Research@StAndrews
 
The University of St Andrews

Research@StAndrews:FullText >
Mathematics & Statistics (School of) >
Applied Mathematics >
Applied Mathematics Theses >

Please use this identifier to cite or link to this item: http://hdl.handle.net/10023/2081
This item has been viewed 34 times in the last year. View Statistics

Files in This Item:

File Description SizeFormat
RuthBownessPhDThesis.pdf10.89 MBAdobe PDFView/Open
Title: Current sheets in the solar corona : formation, fragmentation and heating
Authors: Bowness, Ruth
Supervisors: Hood, Alan W.
Keywords: MHD
Current sheets
Tearing mode instability
Magnetic reconnection
Issue Date: 30-Nov-2011
Abstract: In this thesis we investigate current sheets in the solar corona. The well known 1D model for the tearing mode instability is presented, before progressing to 2D where we introduce a non-uniform resistivity. The effect this has on growth rates is investigated and we find that the inclusion of the non-uniform term in η cause a decrease in the growth rate of the dominant mode. Analytical approximations and numerical simulations are then used to model current sheet formation by considering two distinct experiments. First, a magnetic field is sheared in two directions, perpendicular to each other. A twisted current layer is formed and we find that as we increase grid resolution, the maximum current increases, the width of the current layer decreases and the total current in the layer is approximately constant. This, together with the residual Lorentz force calculated, suggests that a current sheet is trying to form. The current layer then starts to fragment. By considering the parallel electric field and calculating the perpendicular vorticity, we find evidence of reconnection. The resulting temperatures easily reach the required coronal values. The second set of simulations carried out model an initially straight magnetic field which is stressed by elliptical boundary motions. A highly twisted current layer is formed and analysis of the energetics, current structures, magnetic field and the resulting temperatures is carried out. Results are similar in nature to that of the shearing experiment.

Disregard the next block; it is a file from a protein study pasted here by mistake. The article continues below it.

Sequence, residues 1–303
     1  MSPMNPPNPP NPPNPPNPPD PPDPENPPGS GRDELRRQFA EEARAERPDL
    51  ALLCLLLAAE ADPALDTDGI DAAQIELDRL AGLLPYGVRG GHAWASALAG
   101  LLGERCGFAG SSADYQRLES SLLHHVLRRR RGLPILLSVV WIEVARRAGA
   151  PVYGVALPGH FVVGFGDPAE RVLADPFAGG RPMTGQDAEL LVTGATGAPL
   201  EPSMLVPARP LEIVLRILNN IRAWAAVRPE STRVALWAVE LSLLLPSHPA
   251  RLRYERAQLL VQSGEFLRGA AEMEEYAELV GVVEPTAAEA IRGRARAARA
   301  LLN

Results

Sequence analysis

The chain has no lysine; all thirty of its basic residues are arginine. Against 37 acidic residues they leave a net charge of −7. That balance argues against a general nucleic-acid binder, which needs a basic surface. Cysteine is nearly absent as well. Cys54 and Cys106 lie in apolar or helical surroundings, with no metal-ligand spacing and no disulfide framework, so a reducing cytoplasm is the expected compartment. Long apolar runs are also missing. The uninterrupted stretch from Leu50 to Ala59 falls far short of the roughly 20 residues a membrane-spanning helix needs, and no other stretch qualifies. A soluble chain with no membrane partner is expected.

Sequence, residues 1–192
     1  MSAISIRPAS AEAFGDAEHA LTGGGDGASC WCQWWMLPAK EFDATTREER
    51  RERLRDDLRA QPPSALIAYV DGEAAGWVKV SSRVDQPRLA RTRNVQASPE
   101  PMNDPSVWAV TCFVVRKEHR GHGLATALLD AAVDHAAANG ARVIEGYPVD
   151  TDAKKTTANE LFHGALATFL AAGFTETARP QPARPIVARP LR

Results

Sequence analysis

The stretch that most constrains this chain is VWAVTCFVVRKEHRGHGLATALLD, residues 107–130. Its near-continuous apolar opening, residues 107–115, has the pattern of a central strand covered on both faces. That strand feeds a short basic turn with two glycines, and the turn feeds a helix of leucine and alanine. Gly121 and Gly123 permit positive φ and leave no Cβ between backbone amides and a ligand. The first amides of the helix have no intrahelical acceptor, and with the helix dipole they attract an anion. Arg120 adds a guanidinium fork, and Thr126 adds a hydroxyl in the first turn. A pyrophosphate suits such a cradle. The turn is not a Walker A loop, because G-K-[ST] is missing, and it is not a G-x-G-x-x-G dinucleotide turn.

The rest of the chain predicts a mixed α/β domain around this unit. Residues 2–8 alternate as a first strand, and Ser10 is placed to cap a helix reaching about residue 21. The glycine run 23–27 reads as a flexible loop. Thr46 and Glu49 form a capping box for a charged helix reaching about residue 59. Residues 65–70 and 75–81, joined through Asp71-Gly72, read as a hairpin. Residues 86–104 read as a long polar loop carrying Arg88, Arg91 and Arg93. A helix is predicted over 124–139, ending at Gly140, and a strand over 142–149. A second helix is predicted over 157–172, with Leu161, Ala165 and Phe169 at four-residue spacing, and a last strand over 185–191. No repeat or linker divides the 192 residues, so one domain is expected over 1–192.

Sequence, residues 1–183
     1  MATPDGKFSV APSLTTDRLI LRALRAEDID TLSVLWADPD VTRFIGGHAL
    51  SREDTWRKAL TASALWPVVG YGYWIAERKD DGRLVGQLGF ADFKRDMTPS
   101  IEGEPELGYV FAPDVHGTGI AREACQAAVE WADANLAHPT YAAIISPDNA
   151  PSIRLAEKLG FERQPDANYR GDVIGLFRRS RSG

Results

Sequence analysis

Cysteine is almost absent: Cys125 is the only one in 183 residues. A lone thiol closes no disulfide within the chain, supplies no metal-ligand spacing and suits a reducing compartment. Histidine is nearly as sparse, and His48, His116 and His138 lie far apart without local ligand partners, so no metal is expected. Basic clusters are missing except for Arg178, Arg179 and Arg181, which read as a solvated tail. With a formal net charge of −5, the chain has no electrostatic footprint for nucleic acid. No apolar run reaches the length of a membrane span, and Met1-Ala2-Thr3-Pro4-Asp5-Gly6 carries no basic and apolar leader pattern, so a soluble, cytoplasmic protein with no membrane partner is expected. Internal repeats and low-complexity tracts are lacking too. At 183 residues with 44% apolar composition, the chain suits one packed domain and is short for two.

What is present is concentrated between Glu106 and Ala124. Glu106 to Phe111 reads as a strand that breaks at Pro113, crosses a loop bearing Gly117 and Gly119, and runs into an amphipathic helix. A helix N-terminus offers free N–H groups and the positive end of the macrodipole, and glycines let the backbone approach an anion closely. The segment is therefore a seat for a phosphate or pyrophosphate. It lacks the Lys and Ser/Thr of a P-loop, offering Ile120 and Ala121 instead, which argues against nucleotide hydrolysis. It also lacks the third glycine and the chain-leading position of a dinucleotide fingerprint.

URI: http://hdl.handle.net/10023/2081
Type: Thesis
Publisher: University of St Andrews
Appears in Collections:Applied Mathematics Theses



This item is protected by original copyright

Items in DSpace are protected by copyright, with all rights reserved, unless otherwise indicated.

 

DSpace Software Copyright © 2002-2012  Duraspace - Feedback
For help contact: Digital-Repository@st-andrews.ac.uk | Copyright for this page belongs to St Andrews University Library | Terms and Conditions (Cookies)